Defense Secretary Donald Rumsfeld says U.S. forces are continuing to arrive in Haiti to take the lead in formation of an interim peacekeeping force expected to total some 5,000, but he expects the American presence to be relatively short-lived.
Mr. Rumsfeld said only a few hundred U.S. troops are in Haiti at the moment but more are on the way. Speaking to reporters at the Pentagon, the defense secretary says the number of U.S. forces could grow to between 1,500 and 2,000 depending on the security situation and the troop contributions of other nations. "First of all, it depends on the facts on the ground and, second, it depends on how fast other countries that have volunteered forces can get those forces there in a trained and organized way and a way that's equipped and supported," he said.
Mr. Rumsfeld said he believes the U.S. military role will be for only a relatively short period. He stresses the Haiti problem is not just a U.S. problem but one for the entire hemisphere. He says the U.S. military has the capability to respond quickly to crises, enabling it to take a leading role at least initially.
But in a clear reference to the U.S. military involvement in Afghanistan and Iraq, Mr. Rumsfeld said the Pentagon has other responsibilities. "We've got a lot of things we're doing and once the situation is stabilized, I think it would be appropriate to pass the lead off," he said.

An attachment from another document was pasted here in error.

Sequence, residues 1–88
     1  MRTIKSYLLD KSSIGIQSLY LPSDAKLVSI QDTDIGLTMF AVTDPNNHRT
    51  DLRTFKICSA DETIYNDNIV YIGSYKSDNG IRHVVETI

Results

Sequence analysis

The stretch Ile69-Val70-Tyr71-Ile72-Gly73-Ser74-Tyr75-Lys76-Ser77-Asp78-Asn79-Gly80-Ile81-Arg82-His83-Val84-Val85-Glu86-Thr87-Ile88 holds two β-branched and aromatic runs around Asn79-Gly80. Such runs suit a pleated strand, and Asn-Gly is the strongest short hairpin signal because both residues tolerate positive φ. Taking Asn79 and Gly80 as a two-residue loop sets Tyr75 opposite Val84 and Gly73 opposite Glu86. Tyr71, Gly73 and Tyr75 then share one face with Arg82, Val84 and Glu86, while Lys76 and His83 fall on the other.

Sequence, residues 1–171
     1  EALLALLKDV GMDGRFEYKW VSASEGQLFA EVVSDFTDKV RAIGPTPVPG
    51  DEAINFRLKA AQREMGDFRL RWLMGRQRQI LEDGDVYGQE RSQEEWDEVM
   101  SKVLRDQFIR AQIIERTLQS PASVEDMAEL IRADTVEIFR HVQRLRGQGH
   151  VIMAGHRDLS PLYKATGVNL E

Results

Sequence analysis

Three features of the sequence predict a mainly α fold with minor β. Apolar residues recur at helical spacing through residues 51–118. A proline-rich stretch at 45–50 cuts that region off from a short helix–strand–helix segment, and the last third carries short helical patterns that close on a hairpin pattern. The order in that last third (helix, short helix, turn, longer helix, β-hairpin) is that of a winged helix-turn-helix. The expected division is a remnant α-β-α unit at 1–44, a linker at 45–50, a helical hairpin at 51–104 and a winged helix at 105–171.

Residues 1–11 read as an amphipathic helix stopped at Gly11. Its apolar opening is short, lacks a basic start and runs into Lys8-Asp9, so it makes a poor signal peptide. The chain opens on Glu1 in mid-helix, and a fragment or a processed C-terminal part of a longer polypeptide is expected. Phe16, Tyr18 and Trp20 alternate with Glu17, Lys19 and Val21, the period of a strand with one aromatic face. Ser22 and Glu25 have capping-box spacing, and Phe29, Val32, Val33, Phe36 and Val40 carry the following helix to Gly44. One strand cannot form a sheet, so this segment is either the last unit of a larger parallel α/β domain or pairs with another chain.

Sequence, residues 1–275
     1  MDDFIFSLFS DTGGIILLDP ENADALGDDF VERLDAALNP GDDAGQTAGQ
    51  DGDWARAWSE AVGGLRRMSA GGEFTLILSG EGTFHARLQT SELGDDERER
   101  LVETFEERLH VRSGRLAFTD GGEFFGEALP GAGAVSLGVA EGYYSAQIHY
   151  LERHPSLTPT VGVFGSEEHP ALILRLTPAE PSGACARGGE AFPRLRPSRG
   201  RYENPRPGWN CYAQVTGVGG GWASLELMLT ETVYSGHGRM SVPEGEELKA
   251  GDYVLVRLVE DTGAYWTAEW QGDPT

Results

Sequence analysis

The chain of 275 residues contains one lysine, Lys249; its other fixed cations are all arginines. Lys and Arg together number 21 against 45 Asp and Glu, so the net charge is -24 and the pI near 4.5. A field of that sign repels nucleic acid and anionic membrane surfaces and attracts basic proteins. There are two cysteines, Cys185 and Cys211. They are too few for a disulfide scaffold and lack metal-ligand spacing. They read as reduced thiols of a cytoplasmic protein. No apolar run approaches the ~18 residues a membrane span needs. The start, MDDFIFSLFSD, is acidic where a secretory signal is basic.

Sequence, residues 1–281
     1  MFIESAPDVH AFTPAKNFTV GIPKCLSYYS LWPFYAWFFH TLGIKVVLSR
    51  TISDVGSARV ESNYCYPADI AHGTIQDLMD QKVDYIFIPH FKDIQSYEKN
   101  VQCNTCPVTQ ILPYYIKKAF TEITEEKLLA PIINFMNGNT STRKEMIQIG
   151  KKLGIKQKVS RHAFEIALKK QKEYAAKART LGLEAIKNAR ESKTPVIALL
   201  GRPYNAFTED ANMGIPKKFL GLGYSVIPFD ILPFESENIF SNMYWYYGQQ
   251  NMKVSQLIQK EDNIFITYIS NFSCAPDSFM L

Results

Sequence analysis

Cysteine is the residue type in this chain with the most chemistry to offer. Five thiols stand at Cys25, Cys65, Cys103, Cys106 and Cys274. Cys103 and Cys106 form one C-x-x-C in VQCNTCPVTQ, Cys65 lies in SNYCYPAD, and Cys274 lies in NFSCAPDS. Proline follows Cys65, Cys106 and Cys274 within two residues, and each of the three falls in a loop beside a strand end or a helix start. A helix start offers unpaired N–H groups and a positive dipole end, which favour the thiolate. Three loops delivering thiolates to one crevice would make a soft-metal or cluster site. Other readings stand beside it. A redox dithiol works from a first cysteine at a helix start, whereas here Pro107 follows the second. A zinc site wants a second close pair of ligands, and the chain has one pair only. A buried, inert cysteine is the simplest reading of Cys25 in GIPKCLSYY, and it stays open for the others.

Mr. Rumsfeld and the chairman of the military's Joint Chiefs of Staff, General Richard Myers, say reports from Haiti describe the situation as relatively calm. They say there have so far been no shooting incidents involving either U.S., French or Canadian forces.
General Myers says it is wrong to think of Haiti as primarily a military problem. He says well-trained police forces could handle the operation.
The Pentagon said there have been no signs of any mass migration by Haitians fleeing by sea. The U.S. Coast Guard is patrolling the area. General Myers says no decision has been made on the possible deployment of any U.S. Navy ships.